(Oh, hello by the way. I'm still alive and kicking. I thought I was ready to return to blogging in the spring, but as it turned out, I wasn't. So I took more time away, and now, NOW, I'm really feeling the itch.)
I have had a lifelong love affair with county and state fairs, a result of my 4-H Club upbringing. So when I moved to Minneapolis in 2004, I was thrilled to discover that the State Fair is a big effing deal in Minnesota. People are serious about entering the fair, attending the fair, photographing the fair, and eating at the fair, and the city of St. Paul pretty much gets taken over by fair traffic. It's really a season all of its own, in my opinion, a lovely punctuation mark between summer and autumn, a way to celebrate the bounty of the harvest season and the energy of summer before slipping in to the cooler days and slower pace of autumn.
Rewind to last August, when my friend Amanda and I were walking through the Creative Activities building at the fair. We came upon a small glass case filled with a handful pale, saggy baked goods, looked at eachother with a sad gaze, were both kind of like, "WHAT are these sad looking things?!" Then read the labels more closely, and much to our dismay, discovered that they were the gluten-free contest entries. It was at that very moment I decided that I needed to enter the fair in 2012. Those gummy looking baked goods, white as the undriven snow, could not be the only gluten-free representation at the fair. I owed it to the gluten-free community to provide something more! Like, how is anyone EVER going to want to go gluten-free when those are the baked goods they think they will have to eat for eternity? Especially when there are cases and cases and cases of glutenous treats surrounding them. Psssh.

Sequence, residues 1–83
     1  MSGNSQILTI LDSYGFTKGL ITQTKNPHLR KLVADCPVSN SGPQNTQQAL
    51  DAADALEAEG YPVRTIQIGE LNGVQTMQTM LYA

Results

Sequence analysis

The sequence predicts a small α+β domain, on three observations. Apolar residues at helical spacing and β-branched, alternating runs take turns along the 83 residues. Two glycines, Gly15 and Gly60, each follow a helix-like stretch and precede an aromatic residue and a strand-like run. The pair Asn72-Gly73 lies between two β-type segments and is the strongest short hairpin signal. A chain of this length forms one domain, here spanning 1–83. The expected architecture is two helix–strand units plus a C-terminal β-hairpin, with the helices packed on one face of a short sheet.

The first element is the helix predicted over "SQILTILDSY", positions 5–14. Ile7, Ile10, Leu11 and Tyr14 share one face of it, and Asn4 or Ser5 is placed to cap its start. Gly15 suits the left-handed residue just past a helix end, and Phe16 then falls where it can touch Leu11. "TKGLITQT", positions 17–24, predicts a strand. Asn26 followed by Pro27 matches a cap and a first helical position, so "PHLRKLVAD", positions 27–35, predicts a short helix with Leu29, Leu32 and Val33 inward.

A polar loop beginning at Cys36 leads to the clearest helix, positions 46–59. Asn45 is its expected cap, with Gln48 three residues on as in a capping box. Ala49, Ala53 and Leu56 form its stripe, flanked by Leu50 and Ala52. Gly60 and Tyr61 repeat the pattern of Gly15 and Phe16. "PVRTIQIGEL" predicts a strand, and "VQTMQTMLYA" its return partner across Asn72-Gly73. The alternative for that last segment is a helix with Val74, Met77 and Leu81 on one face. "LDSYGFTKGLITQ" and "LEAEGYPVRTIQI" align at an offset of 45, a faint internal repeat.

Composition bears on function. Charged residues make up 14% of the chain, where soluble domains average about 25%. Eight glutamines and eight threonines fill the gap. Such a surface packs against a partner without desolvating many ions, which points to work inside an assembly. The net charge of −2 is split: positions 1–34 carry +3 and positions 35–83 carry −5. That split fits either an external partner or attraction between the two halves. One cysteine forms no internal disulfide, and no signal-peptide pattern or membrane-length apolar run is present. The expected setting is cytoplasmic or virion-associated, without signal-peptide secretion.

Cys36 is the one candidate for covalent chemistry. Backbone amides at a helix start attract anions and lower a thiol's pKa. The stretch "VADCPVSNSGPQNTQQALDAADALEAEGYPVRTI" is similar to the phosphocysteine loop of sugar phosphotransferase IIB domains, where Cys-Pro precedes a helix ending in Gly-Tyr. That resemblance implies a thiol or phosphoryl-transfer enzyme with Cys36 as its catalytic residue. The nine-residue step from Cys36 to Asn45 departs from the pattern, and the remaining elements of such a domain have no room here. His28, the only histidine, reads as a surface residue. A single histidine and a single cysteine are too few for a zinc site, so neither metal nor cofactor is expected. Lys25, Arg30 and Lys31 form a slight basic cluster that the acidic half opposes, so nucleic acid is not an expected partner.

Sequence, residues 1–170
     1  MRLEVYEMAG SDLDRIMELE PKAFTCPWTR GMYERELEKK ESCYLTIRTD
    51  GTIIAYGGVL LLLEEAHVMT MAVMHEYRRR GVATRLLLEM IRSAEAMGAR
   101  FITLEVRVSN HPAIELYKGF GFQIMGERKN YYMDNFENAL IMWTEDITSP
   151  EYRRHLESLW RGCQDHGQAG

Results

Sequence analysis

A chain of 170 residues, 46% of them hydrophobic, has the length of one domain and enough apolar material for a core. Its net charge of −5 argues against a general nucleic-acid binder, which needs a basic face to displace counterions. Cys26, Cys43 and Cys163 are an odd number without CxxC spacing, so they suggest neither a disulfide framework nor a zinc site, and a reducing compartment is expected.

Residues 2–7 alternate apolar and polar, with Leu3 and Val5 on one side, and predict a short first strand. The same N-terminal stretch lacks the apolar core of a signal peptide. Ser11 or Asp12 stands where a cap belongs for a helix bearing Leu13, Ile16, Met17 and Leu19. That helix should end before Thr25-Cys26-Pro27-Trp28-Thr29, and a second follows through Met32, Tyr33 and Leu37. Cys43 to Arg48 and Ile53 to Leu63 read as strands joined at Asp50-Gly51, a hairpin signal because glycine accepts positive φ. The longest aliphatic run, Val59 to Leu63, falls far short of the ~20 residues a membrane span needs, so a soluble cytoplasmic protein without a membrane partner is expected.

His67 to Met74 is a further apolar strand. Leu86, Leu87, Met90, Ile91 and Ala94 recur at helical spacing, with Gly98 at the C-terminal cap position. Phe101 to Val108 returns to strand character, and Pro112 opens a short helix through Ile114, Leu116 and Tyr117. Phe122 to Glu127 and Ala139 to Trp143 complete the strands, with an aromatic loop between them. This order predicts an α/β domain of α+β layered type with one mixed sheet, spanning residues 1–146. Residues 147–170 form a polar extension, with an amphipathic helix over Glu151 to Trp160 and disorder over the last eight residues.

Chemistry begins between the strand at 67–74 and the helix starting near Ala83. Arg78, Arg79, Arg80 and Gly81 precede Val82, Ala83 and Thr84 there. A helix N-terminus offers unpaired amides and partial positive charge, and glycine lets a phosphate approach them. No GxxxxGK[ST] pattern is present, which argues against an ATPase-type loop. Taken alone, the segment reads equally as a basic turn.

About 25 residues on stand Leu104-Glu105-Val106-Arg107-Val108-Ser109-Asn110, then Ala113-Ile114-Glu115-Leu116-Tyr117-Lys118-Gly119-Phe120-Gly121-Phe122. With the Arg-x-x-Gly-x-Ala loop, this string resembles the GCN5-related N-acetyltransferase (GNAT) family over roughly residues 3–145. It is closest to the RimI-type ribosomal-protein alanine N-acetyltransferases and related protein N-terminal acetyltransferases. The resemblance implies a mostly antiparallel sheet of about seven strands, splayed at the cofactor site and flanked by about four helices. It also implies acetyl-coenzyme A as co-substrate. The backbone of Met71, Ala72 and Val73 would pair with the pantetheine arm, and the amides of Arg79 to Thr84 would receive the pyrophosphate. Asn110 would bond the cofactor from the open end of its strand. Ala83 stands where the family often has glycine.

Okay, so fast forward to the first week of August, just a couple weeks ago. State Fair registration has begun, and of course, I'm registering on the very last day possible because I was a space cadet and didn't really realize that HEY it's August already and HEY it's time to make stuff for the fair.
I decided to enter five baked goods and one cross-stitch pillow. See? Here's the proof, there's no turning back now.
Unfortunately, I was supposed to turn in my cross-stitch pillow this week for judging and I completely blanked. I guess my unicorn cross-stitch pillow will not have an opportunity to shine. C'est la vie! Maybe I'll just have to post it on the blog instead, and I will have to rely on my baking for my state fair fun this year.
There are some rules and regulations to be adhered to, of course, but my recipes totally fit the bill and I've been baking away to confirm and refine a few things. I am making two kinds of banana bread, one to be used in both the gluten-free and regular quick bread contests, and another one to be used in the honey & bee culture honey quick bread contest. I will also be making sprouted buckwheat crackers and some kind of cookie from my collection, yet to be determined. Tomorrow night I'll be doing the final bake-off for Sunday morning, when I will be taking all my entries in to be judged!
Preparing for this is taking me back to my childhood days of being a 4-H member, scrambling to get my entries ready for judging. I never had animals to show in the fair, since I was a city kid. Keep in mind, I use the term "city kid" loosely for my childhood self - I grew up in neighborhoods that danced between city and town lines, walking sidewalks that dropped off when they hit corn fields. Nonetheless, my family didn't have fair-appropriate animals, so I kept on the long familial tradition of 4-H with sewing, baking, cooking, and arts and crafts projects. My rhubarb pie was blue-ribbon winning on more than one occasion at the county fair, and more than once I had a sewing or art project make its way to the 4-H building at the Wisconsin State Fair. I was such a successful little 4-H member.
Anyway, I'm pretty darn excited, and I can't wait to stand in line with all the people who are as cuckoo about baking as I am, all of us carting around our lovingly prepared treats. After they are tasted and judged, all the baked goods get put in to big glass cases, where they sit on display for about two weeks while thousands and thousands of people walk past them and take photos. I can't wait to go look at my stale baked goods trapped in a glass case! I'll be sure to let you know how it all turns out.